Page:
September 15, 2005

Yahoo Answers the Question: Who Will Pay for the Journalism?

Is Kevin Sites a precursor of the future of journalism or is he simply the new Geraldo?
Is Sites the first indicator that non-traditional news organizations are going to step in an underwrite journalism at a time when traditional vehicles, like newspapers and television, are cutting back?

I'm betting against Geraldo (although Gawker did key in on Sites' brawny biceps appeal.)

Sites, as you know by now, is the NBC producer, war correspondent and blogger hired by Yahoo to report from war zones around the world. Sites, who reported on his own from Iraq and Afghanistan, will file in all formats for the soon-to-come Kevin Sites in the Hot Zone.

By hiring Sites, Yahoo has jumped the fence from news aggregator to news producer. The reason: The New York Times attributes it to Yahoo's desire to create "signature programming" that can attract the "rapidly growing demand for video advertising on the Internet."

In other words, Yahoo is going to use an old idea (journalism) done in new form (digital, cross-platform) to attract an old source of revenue (advertising) delivered in a new manner (digital video). Sounds like a good thing to me - a new source of money to pay for journalism.

Phil Meyer, the venerable professor of journalism at University of North Carolina, wrote in his book "The Vanishing Newspaper, Saving Journalism in the Information Age" that as the traditional economic models of journalism erode - newspaper advertising, mass television audience - new entities are likely to arise to pay for the journalism. Said Meyer:

"There is, in short, more than one way to pay for the next news." [Read: Reading the Vanishing Newspaper: A Guide.]

Meyer mentions the Center for Public Integrity as the type of organization, one underwritten by charitable trusts, that could produce quality journalism outside the eyeballs-for-advertising model.

Yahoo's backing of one well-coiffed "sojo" (solo journalist) doesn't necessarily signal a full-scale move by the portal (or its rival, Google) into being a news producer (in fact, a Yahoo executive told the Times that Yahoo is not "building any kind of news organization") but it does indicate the business side of new media thinks money is to be made doing a very old media thing, journalism.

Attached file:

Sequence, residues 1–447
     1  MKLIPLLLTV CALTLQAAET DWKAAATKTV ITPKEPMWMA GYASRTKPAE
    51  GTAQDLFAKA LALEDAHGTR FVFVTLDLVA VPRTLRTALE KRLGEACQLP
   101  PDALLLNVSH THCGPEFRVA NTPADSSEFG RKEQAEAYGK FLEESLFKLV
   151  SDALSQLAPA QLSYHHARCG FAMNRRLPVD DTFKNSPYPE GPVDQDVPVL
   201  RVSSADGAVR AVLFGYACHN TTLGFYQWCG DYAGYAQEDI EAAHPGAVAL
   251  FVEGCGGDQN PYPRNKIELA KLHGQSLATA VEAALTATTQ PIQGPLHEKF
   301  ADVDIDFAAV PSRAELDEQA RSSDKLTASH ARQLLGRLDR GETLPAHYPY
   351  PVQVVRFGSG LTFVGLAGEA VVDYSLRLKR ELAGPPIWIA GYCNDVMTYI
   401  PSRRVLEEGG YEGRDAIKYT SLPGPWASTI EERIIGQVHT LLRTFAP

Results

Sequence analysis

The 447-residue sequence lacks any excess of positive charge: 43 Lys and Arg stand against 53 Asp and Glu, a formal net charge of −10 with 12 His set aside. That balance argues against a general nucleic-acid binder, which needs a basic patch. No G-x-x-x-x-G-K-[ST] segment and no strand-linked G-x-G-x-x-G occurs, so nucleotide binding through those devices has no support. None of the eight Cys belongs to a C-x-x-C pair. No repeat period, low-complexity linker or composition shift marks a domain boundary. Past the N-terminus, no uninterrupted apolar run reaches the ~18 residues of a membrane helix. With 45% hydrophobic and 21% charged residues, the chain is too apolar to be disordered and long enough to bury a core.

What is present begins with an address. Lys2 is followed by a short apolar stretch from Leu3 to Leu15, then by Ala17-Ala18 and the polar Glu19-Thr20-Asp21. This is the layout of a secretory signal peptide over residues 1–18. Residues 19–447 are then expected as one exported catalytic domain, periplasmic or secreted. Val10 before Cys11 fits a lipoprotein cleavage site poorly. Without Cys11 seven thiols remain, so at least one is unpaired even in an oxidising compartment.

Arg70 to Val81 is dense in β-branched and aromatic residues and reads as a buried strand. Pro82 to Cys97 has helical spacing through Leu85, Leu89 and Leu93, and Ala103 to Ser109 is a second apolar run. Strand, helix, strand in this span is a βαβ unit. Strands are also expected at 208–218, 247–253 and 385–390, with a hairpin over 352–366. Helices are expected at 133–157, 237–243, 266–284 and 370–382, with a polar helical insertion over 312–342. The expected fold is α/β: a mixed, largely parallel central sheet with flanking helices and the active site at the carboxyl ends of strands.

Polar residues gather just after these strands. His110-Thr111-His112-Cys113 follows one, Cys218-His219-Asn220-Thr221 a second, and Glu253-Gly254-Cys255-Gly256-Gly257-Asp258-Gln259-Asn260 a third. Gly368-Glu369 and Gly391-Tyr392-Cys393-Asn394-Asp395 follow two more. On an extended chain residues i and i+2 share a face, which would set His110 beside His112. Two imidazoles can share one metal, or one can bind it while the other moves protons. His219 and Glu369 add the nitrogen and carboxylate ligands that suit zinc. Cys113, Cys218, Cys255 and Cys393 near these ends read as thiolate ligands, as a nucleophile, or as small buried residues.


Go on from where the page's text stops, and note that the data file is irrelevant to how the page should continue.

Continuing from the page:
As public credibility drops in mainstream journalism and newspapers continue to slash staff, community-minded entrepreneurs like Craig Newmark occasionally wonder aloud about whether they should venture into some form of public-spirited journalism to help fill the gap. I suspect that will happen some day, just as I believe Google is likely to some day move beyond aggregating to production.

Citizen-journalism start-ups are everywhere, efforts to create from the grassroots what the upper echelons of journalism have eschewed - local news. These, too, are possible replacement vehicles.

I like to say the future of news belongs to those who invest in it. In my summary of Meyer's book I wrote:

If there is an "ism" journalists should embrace to ensure they have future vehicles to support John Knight's "essential mission ("Get the truth and print it.") then it is entrepreneurism. Don't wait for new forms of media to emerge - build them yourselves.

That's what Yahoo is doing, one Sites at a time.

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Posted by Tim Porter at September 15, 2005 08:02 AM